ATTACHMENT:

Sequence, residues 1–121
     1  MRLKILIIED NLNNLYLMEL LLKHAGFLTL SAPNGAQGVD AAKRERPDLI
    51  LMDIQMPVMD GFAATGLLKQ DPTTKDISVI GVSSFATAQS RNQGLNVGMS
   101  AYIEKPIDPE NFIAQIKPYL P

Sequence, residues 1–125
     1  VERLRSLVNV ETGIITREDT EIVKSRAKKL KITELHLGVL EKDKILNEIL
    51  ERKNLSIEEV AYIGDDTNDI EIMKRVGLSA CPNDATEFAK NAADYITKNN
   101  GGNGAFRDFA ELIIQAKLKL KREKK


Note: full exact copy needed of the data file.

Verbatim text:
Sequence, residues 1–121
     1  MRLKILIIED NLNNLYLMEL LLKHAGFLTL SAPNGAQGVD AAKRERPDLI
    51  LMDIQMPVMD GFAATGLLKQ DPTTKDISVI GVSSFATAQS RNQGLNVGMS
   101  AYIEKPIDPE NFIAQIKPYL P

Sequence, residues 1–125
     1  VERLRSLVNV ETGIITREDT EIVKSRAKKL KITELHLGVL EKDKILNEIL
    51  ERKNLSIEEV AYIGDDTNDI EIMKRVGLSA CPNDATEFAK NAADYITKNN
   101  GGNGAFRDFA ELIIQAKLKL KREKK